MELBOURNE, Australia, Feb. 13 (Xinhua) -- Nearly a week after the Victorian bushfires started, the devastation has reached a magnitude beyond what anyone could have imagined: more than 180 lives are lost, almost 2,000 home destroyed and some 7,000 people displaced.
Australians, though no strangers to bushfires, are still shocked and baffled. They could not help wondering what factors are combining to have created the tragedy.
The police now have full evidence to believe that arsonists started the fire, but environmentalists and other experts are in search of causes that make the inferno so uncontrollable and devastating.
In an interview with Australian Broadcasting Corporation, Bushfire expert David Packham at Melbourne's Monash University put the blame on the a green movement that opposes controlled clearance in forests.
Fire management has been taking place in Australia for centuries but present policies have changed those practices, Packham said. "If you can reduce your fuels by one-tenth, you actually reduce your fire intensity by one-hundredth."
Ray Nias from the environmental group the WWF told the broadcaster that the recent fires should inspire discussion about whether it is safe to live in some areas of heavy bush-land at all.
"People choose to live in places like the mountain ranges of Victoria, South Australia, New South Wales and elsewhere where there is a high bushfire risk and so, you know, we need to realize that people are, more and more people are living in those high bushfire prone areas and that in itself is an issue," Nias said.
The high toll in the bushfires have renewed calls for a nationwide warning system, which has been snarled by privacy laws and bickering between officials for years.
Attorney General Robert McClelland said a plan for a telephone alert system had been before the government since 2004, but state governments had not endorsed it and changes were required to federal privacy laws that bar private numbers from being handed out.
Victorian Emergency Services Commissioner Bruce Esplin, frustrated by the delays, said an emergency warning system for the whole of Australia should be set up before the next fire season.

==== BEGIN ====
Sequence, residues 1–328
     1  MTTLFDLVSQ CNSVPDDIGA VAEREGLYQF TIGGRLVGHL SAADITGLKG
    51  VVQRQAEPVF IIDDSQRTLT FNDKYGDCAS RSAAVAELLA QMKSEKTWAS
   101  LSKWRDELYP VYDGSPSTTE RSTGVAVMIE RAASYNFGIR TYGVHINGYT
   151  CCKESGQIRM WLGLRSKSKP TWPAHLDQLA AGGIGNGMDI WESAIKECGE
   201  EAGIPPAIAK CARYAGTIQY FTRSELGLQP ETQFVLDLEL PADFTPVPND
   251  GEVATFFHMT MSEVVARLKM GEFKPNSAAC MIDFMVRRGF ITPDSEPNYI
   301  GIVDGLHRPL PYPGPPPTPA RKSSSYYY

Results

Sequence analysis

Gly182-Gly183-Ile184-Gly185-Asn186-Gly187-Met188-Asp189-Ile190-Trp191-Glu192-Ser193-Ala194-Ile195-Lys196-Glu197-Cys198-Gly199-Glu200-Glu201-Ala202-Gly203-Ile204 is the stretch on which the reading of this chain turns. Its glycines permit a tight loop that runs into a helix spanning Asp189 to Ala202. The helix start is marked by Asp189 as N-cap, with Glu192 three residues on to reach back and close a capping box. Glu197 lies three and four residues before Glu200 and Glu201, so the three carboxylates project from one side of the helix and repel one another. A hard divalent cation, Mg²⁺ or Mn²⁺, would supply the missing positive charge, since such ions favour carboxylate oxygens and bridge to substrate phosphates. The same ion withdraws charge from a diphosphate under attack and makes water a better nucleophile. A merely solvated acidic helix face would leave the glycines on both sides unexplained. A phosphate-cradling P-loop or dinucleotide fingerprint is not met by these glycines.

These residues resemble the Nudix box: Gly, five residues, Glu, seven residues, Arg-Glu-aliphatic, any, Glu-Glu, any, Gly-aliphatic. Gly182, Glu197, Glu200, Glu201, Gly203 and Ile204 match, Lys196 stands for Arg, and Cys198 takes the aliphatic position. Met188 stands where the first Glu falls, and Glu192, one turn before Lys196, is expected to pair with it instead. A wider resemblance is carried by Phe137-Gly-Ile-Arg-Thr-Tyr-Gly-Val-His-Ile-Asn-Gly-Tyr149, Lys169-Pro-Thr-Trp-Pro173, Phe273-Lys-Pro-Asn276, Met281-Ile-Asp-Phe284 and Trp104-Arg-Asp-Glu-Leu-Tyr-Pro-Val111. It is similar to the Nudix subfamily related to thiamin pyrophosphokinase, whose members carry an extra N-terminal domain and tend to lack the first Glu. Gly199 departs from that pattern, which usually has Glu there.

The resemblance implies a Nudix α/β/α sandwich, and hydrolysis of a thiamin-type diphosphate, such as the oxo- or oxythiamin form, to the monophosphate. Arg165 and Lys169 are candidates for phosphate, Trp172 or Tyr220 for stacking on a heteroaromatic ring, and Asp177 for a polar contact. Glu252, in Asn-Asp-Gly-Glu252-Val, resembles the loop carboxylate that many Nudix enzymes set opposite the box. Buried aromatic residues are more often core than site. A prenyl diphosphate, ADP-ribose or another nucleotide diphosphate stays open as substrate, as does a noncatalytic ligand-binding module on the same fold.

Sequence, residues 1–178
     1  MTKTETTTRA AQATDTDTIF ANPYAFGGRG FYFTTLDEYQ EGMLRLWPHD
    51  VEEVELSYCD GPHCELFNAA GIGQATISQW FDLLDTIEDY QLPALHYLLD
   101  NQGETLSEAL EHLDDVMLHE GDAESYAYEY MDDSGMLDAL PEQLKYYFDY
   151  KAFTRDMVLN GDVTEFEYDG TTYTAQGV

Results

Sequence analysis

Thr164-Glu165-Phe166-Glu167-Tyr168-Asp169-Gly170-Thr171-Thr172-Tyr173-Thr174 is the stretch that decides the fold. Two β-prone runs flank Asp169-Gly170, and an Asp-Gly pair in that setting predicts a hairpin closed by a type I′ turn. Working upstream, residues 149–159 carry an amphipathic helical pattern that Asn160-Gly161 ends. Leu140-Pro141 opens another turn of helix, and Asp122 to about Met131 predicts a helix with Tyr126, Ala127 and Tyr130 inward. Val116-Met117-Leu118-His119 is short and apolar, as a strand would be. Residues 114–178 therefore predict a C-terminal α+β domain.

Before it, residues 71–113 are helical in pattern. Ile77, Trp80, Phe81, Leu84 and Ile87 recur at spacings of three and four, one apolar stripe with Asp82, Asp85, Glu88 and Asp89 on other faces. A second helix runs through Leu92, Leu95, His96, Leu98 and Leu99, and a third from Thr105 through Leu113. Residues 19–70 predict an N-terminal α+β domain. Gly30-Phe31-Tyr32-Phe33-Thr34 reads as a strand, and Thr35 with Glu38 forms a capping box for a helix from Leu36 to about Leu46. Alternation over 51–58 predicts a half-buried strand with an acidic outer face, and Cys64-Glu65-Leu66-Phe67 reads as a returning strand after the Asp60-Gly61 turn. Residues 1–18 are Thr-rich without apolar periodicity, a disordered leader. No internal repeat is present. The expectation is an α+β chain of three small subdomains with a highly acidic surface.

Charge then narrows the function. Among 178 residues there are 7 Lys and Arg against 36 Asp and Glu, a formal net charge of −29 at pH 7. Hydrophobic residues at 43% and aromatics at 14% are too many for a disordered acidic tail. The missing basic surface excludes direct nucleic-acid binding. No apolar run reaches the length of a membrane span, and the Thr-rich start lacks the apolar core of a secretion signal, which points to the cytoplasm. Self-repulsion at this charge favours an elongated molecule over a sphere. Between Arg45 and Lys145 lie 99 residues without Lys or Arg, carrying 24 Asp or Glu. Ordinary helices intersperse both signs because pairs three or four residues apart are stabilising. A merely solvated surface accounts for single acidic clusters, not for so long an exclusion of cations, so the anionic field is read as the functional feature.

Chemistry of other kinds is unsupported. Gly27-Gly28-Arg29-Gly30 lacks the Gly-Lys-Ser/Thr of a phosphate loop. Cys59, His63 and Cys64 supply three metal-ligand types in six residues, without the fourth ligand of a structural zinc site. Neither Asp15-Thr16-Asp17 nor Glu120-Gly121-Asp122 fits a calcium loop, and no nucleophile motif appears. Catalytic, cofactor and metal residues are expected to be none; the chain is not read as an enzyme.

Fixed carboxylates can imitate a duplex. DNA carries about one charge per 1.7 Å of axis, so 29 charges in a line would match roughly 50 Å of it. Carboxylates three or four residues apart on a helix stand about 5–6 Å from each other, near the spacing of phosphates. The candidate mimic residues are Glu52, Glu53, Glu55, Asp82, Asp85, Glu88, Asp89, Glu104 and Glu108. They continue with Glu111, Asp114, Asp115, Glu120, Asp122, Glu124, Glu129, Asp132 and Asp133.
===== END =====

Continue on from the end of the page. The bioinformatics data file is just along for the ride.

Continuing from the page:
Esplin said the system could be used for a range of emergencies, including bushfires, floods, a terrorist attack or a tsunami. "We must agree on a system and put it in place before the next season," Esplin said.
On a grander level, experts blame global climate change for playing a part in the disaster. They say that the extreme heat and dryness that helped spread the fires are becoming more common as human activity continues to produce greenhouse gases.
Australia is in the grip of the worst drought in a century, which has stretched for more than seven years in some areas and has forced restrictions on water use in the country's big cities.
A government-commissioned report on climate change last year warned that exceptionally hot years, which used to occur once every 22 years, would occur every one or two years, virtually making drought a permanent part of the Australian environment.
Bob Brown, the head of Australia's Greens party, told reporters that the fires are a reminder of the dangers of climate change.
"Global warming is predicted to make this sort of event happen 25 percent, 50 percent more," he said. "It's a sobering reminder of the need for this nation and the whole world to act and put at a priority our need to tackle climate change."